Reading is one of the most precious gifts that we can give our children.

I remember when I was around about six years old that one of my favourite places of refuge was the ‘box room’ in my grandmother’s house in Rawtenstall. Actually, I think the box room had in fact been a place that my father was stored in as opposed to boxes but, no matter, it was a special place for me. It contained what at that age I felt to be an impressive library of books that opened up a whole world outside the (then) grim confines of Rawtenstall. The town’s buildings in those days were blackened with soot and the river that flowed behind my school stank of goodness knows what, concerns about pollution seemed a world away, and in many ways they were. The town at that stage was suffering from post industrial decline and its place in the world – defined by the dark satanic mills that once produced shoes and cotton for the Empire – was doubtful. And that is why those books were so important to me.

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On Travail

The world is a book and those who do not travel read only one page.

St. Augustine


The clue to this post is in the title, which is a clumsy attempt to wrap multiple concepts into a single pithy phrase.

Among my resolutions this year were to write and shoot more. Rather dismally I have failed to respond well to my own resolutions. This does of course make choosing next year’s resolutions so much easier, as I plan to have another go.

However, I am happy to report that I have read a lot this year. And I will write about that also. In due course, the fullness of time, and so on.

I have also travelled a great deal. A very great deal. And, that is also something I intend to write about on the same terms as above.

I am not comfortable with my personal carbon footprint this year. So, trees will need to be planted. Probably enough to stock a decent sized hillside.

What prompted this post was my need to share (other than on my FB page) my journey home.

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castronuño

Farewells can be shattering, but returns are surely worse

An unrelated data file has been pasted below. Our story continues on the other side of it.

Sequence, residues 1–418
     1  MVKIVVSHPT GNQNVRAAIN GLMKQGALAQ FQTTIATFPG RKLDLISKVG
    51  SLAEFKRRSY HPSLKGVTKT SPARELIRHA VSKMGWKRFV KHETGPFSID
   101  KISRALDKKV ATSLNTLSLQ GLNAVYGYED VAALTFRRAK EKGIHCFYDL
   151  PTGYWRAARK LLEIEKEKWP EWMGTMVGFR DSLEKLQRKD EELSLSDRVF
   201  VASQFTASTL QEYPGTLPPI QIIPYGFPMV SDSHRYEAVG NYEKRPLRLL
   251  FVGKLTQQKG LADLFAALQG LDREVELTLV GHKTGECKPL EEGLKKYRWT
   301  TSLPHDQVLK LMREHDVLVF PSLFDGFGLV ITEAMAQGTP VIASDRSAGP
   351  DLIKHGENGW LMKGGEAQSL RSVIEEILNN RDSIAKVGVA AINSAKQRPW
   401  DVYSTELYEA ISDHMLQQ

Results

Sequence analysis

– Margaret Atwood, The Blind Assassin

It’s been a while since I posted here, more than four months to be (almost) precise.

A lot has happened in that time.

It’s time to return, to re-engage.

So, rather than write pages and pages explaining my absence, I thought I would share some photos from a walk by the river, yesterday, in Castronuño.

A few small slices of life, under the Spanish sun.

Presented, more or less in the order that they were shot.

Be seeing you.

As you sow, so shall you reap

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out in the midday sun | 5

This is the latest in what was intended to be a weekly collection of essays themed as ‘out in the midday sun‘, which instead, has become a place for me (in or out of the sun, midday or otherwise) to write at random, and increasingly infrequent, intervals, on whichever subject seems worthy of note at the time.

I have not posted as much here, or  perhaps more perplexing, not shot or published as many photographs as usual, for the better part of the last year. The principal reason (excuse) for that has been (hold the front page) the intervention of the real world. I have travelled (too) much on business, between Europe and Western Africa, although I have found time to write up some of my adventures on nigeriastreets. I’ve recently switched working countries from Nigeria to Ghana. I’m not done with Nigeria yet, and the seductive siren song of other adventures already calls. More (perhaps) about that in due course.

I’ve also been busy learning new stuff. 

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out in the midday sun | 4

To the complaint, ‘There are no people in these photographs,’ I respond, There are always two people: the photographer and the viewer
― Ansel Adams

2016_07_20_26043

 

This post is about my passion for photography.

It is also about the process of learning. In a recent post in this (rather sporadic) series, I featured a photo which I believe was the first that I ever shot.  It was of a hovercraft, a futuristic vehicle that like others, including the Concorde, has disappeared into the history books.

That camera was a Kodak Instamatic 25. It was (almost) idiot proof (if not Andy proof). A cassette was inserted in the rear of the camera, a single click captured (most of) what could be seen through the offset viewfinder, the cassette was wound on by a large black plastic wheel and that was it. The cassette was then dropped off at the developers and then the waiting began.
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out in the midday sun | 3

You’re an expatriate. You’ve lost touch with the soil. You get precious. Fake European standards have ruined you. You drink yourself to death. You become obsessed with sex. You spend all your time talking, not working. You are an expatriate, see? You hang around cafes.
― Ernest Hemingway, The Sun Also Rises

2016_06_28_15994

Funny how Hemingway summed up the dreams and aspirations of a group of young teenage boys who set forth on a European adventure. Perfectly.

We didn’t get that drunk, mostly sticking to orange, exotic, Fanta in deliciously heavy brown glass bottles. Oh, and ok, the occasional beer. We were young, I was only thirteen. And being thirteen in the Summer of 1975 was a world away from being so in 2016.

Sex? Well we dreamed of it a lot, fantasised about every girl we had met, and were yet to meet. But sex, as in real, messy, sex. No.